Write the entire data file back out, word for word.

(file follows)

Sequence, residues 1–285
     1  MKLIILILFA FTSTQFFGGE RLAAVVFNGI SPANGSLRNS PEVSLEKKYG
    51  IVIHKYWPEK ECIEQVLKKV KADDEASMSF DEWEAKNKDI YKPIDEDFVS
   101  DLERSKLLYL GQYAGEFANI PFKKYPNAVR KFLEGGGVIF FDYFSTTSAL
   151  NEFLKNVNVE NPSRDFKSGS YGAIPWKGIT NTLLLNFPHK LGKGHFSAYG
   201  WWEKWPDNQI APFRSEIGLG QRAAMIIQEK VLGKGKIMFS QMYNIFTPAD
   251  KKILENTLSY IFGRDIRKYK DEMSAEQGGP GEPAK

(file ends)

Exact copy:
Sequence, residues 1–285
     1  MKLIILILFA FTSTQFFGGE RLAAVVFNGI SPANGSLRNS PEVSLEKKYG
    51  IVIHKYWPEK ECIEQVLKKV KADDEASMSF DEWEAKNKDI YKPIDEDFVS
   101  DLERSKLLYL GQYAGEFANI PFKKYPNAVR KFLEGGGVIF FDYFSTTSAL
   151  NEFLKNVNVE NPSRDFKSGS YGAIPWKGIT NTLLLNFPHK LGKGHFSAYG
   201  WWEKWPDNQI APFRSEIGLG QRAAMIIQEK VLGKGKIMFS QMYNIFTPAD
   251  KKILENTLSY IFGRDIRKYK DEMSAEQGGP GEPAK